I substitute-taught last weekend. One of my fellow instructors at “the ranch” (our few acres of dirt and fenced-in places next to the freeway that we like to glorify) had something to do on a Saturday besides sweat and run around in cowboy boots for four hours, so I took over for her.
My first class was five beginners – little cowgirls who really, really love horses and haven’t figured out that there’s more to riding one than just plunking down on his back and saying “move, horse”. One of the girls is a bit more advanced, actually in a saddle (we start our kids out bareback and work up to a saddle) and using a bridle to steer. She was riding an intermediate-level horse, Duncan, a beautiful copper-colored ex-showhorse with just enough prima donna left in him to keep life interesting for everybody. (For instance, today he will walk over poles like a pro. Tomorrow? THEY WILL EAT ME GET ME OUT OF THIS TORTURE CHAMBER AHHHHHHHHHHHHHHHH. It’s semi-entertaining unless you’re a terrified parent of the child who’s being tossed on the waves of his adrenaline.)
Anyway, this little cowgirl LOVES Duncan. LOVES. The poor horse was looking at me with his saddle and bridle all askew, begging me to save him, while she lavished kisses on him and brushed his mane, oblivious to his tack problems. I fixed him up and we headed for the arena, where he proceeded to stand in the middle.
I’m serious. Usually, we can expect a minor-level freak-out from Duncan, but this time it was much more of a stand-off than a freak-out. He just stood there. She kicked and asked and begged, but he wasn’t really in the mood. He actually looked like he might be going to sleep, despite her intense frustration. I gave her some tips on how to get him moving and walked her through how to firmly insist that he obey her. He started to listen and I turned away, thinking my problem was solved, when a heard a plaintive little, “Miss Dani?”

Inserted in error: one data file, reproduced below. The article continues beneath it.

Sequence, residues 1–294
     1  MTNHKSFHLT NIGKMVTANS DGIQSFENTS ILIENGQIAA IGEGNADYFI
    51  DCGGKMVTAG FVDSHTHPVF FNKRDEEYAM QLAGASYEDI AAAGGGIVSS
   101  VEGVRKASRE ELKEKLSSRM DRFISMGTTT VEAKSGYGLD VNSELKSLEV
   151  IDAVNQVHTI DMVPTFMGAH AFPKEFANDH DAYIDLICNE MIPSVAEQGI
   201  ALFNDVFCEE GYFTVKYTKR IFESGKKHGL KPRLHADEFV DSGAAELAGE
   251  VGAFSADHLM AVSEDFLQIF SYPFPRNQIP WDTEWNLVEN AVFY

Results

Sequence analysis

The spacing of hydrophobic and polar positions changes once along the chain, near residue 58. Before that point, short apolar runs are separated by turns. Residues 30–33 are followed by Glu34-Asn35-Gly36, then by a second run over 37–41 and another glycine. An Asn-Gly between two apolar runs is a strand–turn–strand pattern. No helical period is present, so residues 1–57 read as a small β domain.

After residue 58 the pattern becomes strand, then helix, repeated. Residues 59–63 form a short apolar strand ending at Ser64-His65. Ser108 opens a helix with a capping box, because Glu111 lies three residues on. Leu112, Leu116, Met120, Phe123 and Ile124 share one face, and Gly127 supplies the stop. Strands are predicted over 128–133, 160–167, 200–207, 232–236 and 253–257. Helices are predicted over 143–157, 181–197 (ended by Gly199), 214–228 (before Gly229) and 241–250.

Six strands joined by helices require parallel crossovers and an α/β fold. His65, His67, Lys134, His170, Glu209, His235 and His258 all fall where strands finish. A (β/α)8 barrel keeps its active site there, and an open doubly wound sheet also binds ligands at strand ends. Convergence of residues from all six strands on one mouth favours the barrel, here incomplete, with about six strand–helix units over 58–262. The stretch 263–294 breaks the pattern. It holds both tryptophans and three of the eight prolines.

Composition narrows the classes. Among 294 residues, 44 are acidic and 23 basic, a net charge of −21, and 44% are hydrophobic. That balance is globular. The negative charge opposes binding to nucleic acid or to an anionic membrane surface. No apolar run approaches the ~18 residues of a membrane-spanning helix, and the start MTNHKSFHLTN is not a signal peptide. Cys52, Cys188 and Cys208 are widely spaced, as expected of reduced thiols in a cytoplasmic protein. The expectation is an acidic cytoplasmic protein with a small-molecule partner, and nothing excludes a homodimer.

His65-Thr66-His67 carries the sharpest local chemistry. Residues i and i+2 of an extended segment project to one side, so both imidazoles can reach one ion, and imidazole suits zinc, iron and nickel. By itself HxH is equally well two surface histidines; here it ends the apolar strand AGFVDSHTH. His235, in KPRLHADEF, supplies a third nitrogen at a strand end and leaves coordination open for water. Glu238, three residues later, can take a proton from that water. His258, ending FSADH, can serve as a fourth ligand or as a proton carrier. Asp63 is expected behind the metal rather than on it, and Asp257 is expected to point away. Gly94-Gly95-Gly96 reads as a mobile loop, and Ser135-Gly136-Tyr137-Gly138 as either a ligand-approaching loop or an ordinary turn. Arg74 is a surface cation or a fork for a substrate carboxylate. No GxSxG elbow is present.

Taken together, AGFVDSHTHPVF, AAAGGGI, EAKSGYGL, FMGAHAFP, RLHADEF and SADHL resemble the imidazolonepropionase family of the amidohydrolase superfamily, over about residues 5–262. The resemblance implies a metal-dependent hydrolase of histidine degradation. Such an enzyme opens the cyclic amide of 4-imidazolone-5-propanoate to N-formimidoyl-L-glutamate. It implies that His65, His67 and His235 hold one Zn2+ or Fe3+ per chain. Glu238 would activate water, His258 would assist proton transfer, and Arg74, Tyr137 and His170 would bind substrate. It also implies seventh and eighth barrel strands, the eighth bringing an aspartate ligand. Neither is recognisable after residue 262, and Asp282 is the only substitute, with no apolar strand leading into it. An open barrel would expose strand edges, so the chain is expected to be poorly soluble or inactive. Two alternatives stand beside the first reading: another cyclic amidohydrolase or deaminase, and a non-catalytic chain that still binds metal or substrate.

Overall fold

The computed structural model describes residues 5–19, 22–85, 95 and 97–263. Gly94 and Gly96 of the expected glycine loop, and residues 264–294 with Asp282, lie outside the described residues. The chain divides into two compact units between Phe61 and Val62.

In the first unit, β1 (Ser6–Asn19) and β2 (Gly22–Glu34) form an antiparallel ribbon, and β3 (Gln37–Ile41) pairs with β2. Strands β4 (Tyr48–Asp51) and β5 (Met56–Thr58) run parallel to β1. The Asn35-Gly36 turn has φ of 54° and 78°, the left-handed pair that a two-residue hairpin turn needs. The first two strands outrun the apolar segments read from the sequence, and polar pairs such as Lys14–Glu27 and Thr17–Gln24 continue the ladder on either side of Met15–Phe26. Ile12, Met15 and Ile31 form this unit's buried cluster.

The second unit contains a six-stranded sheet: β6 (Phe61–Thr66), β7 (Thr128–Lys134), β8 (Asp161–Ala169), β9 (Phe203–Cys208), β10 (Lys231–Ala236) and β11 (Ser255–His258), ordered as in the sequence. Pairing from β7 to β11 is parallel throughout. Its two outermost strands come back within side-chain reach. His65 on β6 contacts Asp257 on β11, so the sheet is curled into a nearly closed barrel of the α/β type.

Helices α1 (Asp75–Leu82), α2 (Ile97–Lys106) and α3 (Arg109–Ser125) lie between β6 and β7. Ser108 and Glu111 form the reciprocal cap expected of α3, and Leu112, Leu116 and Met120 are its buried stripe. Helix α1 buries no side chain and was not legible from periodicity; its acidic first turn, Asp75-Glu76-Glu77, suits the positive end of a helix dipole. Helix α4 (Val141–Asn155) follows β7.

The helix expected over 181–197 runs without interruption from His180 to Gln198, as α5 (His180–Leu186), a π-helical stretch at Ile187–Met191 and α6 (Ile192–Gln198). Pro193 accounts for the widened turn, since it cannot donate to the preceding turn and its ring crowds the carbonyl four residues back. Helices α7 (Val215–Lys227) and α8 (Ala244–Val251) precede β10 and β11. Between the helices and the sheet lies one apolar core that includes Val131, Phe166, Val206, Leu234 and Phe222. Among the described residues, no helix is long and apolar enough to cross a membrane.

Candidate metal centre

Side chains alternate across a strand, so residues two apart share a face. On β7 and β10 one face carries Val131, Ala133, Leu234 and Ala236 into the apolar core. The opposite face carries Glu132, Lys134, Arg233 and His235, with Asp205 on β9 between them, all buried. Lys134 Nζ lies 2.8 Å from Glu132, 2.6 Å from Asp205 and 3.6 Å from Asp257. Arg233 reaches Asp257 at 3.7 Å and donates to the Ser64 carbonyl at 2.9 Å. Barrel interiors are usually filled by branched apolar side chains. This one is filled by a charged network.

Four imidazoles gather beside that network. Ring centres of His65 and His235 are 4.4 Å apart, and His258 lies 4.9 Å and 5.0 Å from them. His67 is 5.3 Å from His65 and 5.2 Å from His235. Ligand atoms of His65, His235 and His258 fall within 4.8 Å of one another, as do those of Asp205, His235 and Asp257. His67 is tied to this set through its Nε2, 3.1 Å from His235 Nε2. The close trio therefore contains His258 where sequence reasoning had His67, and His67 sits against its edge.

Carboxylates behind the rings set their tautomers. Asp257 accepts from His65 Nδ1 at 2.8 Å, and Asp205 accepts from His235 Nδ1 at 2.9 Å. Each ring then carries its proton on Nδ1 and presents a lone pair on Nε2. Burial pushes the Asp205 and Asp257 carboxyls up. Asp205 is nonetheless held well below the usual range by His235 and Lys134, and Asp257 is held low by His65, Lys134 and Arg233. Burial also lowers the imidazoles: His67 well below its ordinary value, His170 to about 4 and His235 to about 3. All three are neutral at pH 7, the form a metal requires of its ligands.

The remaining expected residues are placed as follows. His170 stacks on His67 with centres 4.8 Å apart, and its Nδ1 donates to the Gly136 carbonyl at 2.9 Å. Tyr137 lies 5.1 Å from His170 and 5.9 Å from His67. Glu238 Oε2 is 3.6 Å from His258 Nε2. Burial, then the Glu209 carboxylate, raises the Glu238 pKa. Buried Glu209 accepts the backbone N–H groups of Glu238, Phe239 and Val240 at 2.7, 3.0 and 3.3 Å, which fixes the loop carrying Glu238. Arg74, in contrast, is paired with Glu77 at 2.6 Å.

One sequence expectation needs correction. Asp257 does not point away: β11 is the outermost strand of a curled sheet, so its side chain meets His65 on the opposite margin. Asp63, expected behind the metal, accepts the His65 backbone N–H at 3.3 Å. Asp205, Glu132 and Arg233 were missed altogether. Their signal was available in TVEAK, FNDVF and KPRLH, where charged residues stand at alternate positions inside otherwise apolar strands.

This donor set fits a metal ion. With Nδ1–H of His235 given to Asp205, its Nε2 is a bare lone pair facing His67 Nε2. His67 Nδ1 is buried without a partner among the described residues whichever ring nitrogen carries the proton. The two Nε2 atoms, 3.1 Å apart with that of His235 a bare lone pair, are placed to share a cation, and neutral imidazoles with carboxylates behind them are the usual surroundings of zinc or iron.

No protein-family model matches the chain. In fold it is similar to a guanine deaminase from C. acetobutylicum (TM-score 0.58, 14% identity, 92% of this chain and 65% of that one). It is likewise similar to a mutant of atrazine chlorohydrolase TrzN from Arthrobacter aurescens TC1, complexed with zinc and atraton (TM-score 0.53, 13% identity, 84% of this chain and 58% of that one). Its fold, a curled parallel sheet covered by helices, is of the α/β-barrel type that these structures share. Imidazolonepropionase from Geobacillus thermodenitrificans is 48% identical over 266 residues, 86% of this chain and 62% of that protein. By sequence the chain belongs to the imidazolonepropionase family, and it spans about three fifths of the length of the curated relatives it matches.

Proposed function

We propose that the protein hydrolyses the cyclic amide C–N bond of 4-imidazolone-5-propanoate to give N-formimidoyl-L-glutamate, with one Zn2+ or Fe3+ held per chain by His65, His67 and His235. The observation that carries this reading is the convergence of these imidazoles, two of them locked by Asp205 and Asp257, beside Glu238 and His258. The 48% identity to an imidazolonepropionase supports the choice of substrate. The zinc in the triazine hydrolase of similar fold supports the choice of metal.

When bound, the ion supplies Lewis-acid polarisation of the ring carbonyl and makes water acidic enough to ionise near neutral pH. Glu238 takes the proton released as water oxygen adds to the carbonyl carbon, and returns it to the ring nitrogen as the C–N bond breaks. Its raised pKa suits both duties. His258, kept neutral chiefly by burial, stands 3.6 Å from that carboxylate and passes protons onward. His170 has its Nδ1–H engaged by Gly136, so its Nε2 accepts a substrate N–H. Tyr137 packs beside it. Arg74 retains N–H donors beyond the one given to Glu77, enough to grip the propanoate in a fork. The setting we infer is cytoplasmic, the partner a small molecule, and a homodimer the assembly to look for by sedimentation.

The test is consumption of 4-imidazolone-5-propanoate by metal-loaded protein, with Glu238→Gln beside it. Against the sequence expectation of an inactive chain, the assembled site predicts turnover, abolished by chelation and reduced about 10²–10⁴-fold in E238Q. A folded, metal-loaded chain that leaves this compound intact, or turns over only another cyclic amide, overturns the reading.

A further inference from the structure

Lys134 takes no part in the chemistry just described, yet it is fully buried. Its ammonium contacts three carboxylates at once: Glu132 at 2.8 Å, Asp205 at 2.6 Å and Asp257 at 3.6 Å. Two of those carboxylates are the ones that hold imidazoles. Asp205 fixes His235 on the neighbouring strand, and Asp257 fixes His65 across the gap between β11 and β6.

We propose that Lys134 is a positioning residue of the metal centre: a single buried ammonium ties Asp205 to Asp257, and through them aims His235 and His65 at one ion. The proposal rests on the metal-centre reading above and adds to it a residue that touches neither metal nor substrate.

I turned from my other students and walked back over to Duncan, where my little rider sat on his back with tears in her eyes.
“I don’t *sniff* want to have to make him walk,” she sobbed. “He usually just understaaaaaaands me.”
I hid my smile the best I could and explained that horses, as beautiful as they are, and as good of friends as they can be to us, still need work in order to do well. “I know it’s hard,” I told her. “But without the hard work and sweat, your horse will only obey you when he wants to – he won’t respect you, he won’t be your partner, and he won’t trust you. You have to do the unpleasant things in order to reap the reward of a lovely trot, an beautiful trail ride or even just camaraderie with your horse.”
Despite my wise words when I’m supposed to be the know-it-all instructor, I hate my own advice. I don’t want to do the hard work, I just want people to understaaaaand me. I want to do things when they’re fun and get off the horse when it’s not anymore. I want to do things my way, not the right way, not the hard way.
I guess even friendship, love, art, beauty and truth take work – just like riding a horse takes a bit more than just plunking down in a saddle.